A. A. MOUSA ET AL. 892 tives which are conflicting ones. The deterministic prob lem is formulated as described below. 3.1. Objective Functions Fuel Cost Objective. The classical economic dispatch problem of finding the optimal combination of power generation, which minimizes the total fuel cost while satisfying the total required demand can be mathemati cally stated as follows [9]: 2 11 ()$ hr nn tiGi iiGiiGi ii fC CPabPcP where : total fuel cost ($/hr), : is fuel cost of generator ,,: fuel cost coefficients of generator , i iii CC abc i i : power generated (.)by generator , : number of generator. Gi Ppu n i Emission Objective. The emission function can be presented as the sum of all types of emission considered, such as O ,2 SO , thermal emission, etc., with suitable pricing or weighting on each pollutant emitted. In the present study, only one type of emission O is taken into account without loss of generality. The amount of O emission is given as a function of generator output, that is, the sum of a quadratic and exponential function: 2 22 1 () 10expton hr x NO n iiGi iGiiiGi i fE PP P where, ,,,, iiiii : coefficients of the i th genera tor’s O emission characteristic. 3.2. Constraints The optimization problem is bounded by the following constraints: Power balance constraint. The total power gener ated must supply the total load demand and the transmission losses. 1 0 n Gi D Loss i PPP where P: total load demand (p.u.), and : trans mission losses (p.u.). loss P The transmission losses are given by [21]: 11 nn Lossij ijijijijij ii PAPPQQBQPP Q where , Q, Acos, Bsin iGi DiiGiDi ij ij ijij ijij ij ij PP PQQ RR VV VV n: number of buses ij R V : series resistance connecting buses i and j i: voltage magnitude at bus i i : voltage angle at bus i i Q P: real power injection at bus i : reactive power injection at bus i Maximum and Minimum Limits of Power Gen eration. The power generated Gi P by each generator is constrained between its minimum and maximum limits, i.e., minmax minmax min max , , , 1,, GiGi GiGiGiGi iii PPP QQQ VVVi n where minGi : minimum power generated, and : maximum power generated. PmaxGi P Security Constraints. A mathematical formulation of the security constrained EELD problem would re quire a very large number of constraints to be consid ered. However, for typical systems the large propor tion of lines has a rather small possibility of becom ing overloaded. The EELD problem should consider only the small proportion of lines in violation, or near violation of their respective security limits which are identified as the critical lines. We consider only the critical lines that are binding in the optimal solution. The detection of the critical lines is assumed done by the experiences of the DM. An improvement in the security can be obtained by minimizing the following objective function. max 1 k GijGj j SfPTP T where, G TP is the real power flow is the maximum limit of the real power flow of the jth line and k is the number of monitored lines. The line flow of the jth line is expressed in terms of the control variables Gs, by utilizing the generalized generation distribution fac tors (GGDF) [22] and is given below. max j T P 1 n Gji i TP DP Gi where, i is the generalized GGDF for line j, due to generator i. D For secure operation, the transmission line loading is restricted by its upper limit as l S max ,1,,SS n where is the number of transmission line. n 3.3. Multiobjective Formulation of EELD Problem The multiobjective EELD optimization problem [11] is Copyright © 2011 SciRes. AM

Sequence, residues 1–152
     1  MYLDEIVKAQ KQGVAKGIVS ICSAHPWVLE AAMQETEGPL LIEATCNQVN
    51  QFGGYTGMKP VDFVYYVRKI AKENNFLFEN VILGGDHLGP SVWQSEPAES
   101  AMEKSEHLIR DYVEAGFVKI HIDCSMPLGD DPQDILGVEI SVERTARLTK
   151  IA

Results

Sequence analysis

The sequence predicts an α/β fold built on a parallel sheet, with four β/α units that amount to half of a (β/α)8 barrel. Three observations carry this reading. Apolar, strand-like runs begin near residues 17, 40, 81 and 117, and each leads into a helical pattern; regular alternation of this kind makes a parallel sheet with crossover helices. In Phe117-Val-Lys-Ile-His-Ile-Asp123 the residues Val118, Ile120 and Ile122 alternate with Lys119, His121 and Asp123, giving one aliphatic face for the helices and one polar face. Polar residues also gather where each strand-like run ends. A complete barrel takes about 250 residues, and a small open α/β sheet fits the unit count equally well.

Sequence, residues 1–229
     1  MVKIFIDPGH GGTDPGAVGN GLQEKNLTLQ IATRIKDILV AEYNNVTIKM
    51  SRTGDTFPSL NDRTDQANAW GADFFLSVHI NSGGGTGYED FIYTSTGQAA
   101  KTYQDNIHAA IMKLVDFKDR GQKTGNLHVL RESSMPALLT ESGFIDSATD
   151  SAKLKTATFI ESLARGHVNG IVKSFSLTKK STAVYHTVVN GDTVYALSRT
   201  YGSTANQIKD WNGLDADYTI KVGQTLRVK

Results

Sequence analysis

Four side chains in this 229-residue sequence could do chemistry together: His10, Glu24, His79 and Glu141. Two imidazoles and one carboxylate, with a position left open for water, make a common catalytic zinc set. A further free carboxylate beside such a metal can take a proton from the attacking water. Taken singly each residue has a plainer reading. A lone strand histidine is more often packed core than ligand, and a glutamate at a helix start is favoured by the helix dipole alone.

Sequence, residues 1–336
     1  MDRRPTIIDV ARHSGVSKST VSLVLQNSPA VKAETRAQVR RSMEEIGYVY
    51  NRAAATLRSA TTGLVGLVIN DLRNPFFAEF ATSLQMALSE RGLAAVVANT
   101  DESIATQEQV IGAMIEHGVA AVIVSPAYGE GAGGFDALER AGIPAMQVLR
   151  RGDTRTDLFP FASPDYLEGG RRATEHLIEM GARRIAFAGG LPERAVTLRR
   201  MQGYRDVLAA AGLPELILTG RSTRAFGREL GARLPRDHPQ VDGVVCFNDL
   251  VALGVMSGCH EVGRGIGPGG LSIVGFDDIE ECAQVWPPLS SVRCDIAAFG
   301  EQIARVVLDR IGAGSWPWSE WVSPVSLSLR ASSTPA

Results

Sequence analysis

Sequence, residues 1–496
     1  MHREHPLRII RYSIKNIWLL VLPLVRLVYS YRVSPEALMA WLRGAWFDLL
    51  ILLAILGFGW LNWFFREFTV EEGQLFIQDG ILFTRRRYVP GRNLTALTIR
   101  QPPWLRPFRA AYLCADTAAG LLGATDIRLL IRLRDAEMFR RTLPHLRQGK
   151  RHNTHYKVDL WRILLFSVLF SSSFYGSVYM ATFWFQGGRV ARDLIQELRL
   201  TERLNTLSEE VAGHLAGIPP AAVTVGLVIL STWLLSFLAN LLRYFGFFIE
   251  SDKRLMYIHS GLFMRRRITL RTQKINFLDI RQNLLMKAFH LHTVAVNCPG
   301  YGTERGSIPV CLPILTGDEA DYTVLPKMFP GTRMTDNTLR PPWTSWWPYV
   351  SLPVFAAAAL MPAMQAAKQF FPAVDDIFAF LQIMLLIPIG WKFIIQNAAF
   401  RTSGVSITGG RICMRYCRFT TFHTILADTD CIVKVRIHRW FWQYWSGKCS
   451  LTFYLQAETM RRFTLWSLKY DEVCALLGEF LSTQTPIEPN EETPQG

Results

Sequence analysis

A. A. MOUSA ET AL.893 therefore formulated as: 1 2 1 2 22 1 1 max () $ () 10exp s.t. 0, , x t n iiGiiGi i NO n iiGi iGiiiGi i n Gi D Loss i MinfxC abP cPhr Min fE PPPton hr PPP SS min max min max min max 1,,, 1,, 1,, 1,, Line GiGi Gi GiGi Gi iii n PPPi n QQQi n VVVi n 4. The Proposed Algorithm Recently, the studies on evolutionary algorithms have shown that these algorithms can be efficiently used to eliminate most of the difficulties of classical methods which can be summarized as: An algorithm has to be applied many times to find multiple Paretooptimal solutions. Most algorithms demand some knowledge about the problem being solved. Some algorithms are sensitive to the shape of the Paretooptimal front. The spread of Paretooptimal solutions depends on efficiency of the single objective optimizer. It is worth mentioning that the goal of a multiobjective optimization problem is not only guide the search to wards Paretooptimal front but also maintain population diversity. 4.1. Initialization Stage The algorithm uses two separate population [11], the first population consists of the individuals which ini tialized randomly satisfying the search space (The lower and upper bounds), while the second population consists of reference points which satisfying all con straints. However, in order to ensure convergence to the true Paretooptimal solutions, we concentrated on how elitism could be introduced in the algorithm. So, we pro pose an archiving/selection [20] strategy that guarantees at the same time progress towards the Paretooptimal set and a covering of the whole range of the nondominated solutions. The algorithm maintains an externally fi nitesized archive t P t R t of nondominated solutions which gets iteratively updated in the presence of new solutions based on the concept of dominance. 4.2. Repair Algorithm The idea of this technique [11] is to separate any feasible individuals in a population from those that are infeasible by repairing infeasible individuals. This approach co evolves the population of infeasible individuals until they become feasible. Repair process works as follows. As sume, there is a search point S rS (where is the feasible space). In such a case the algorithm selects one of the reference points (Better reference point has better chances to be selected), say and creates random points S from the segment defined between , r , but the segment may be extended equally on both sides de termined by a user specified parameter 0, 1. Thus, a new feasible individual is expressed as: 12 1, 1zrz r where 12 and 0, 1 is a random generated number 4.3. LS Stage In this stage, we present modified local search technique (MLS) [23] to improve the solution quality and to ex plore the lesscrowded area in the external archive to possibly obtain more nondominated solutions nearby. We propose a MLS, which is a modification of Hooke and Jeeves method [24] to be suitable for MOP. The general procedure of the MLS techniques can be de scribed by the following steps. Step 1. Start with an arbitrarily chosen point n m t E , and the prescribed step lengths i in each of the coordinate directions i Set m = 0, assume that m is the size of . ,1,2,,ui t .n E Step 2. Set m = m + 1, and k = 1 where k is number of trial (s.t., max 1, ,kk ) to obtain preferred solution than m . Step 3. The variable i is perturbed about the current temporary base point m to obtain the new temporary base point m as : 1,2,, m mii mii m X Xxuifff Xxuiffffi Xiffff n where, m ffX , mii fX xu , and mii fX xu . Assume is the evaluation of the objective functions at a point. Step 4. If the point m unchanged. While the number of trial k not satisfied, reduce the step length i . The following dynamic equation is presented to reduce i , Copyright © 2011 SciRes. AM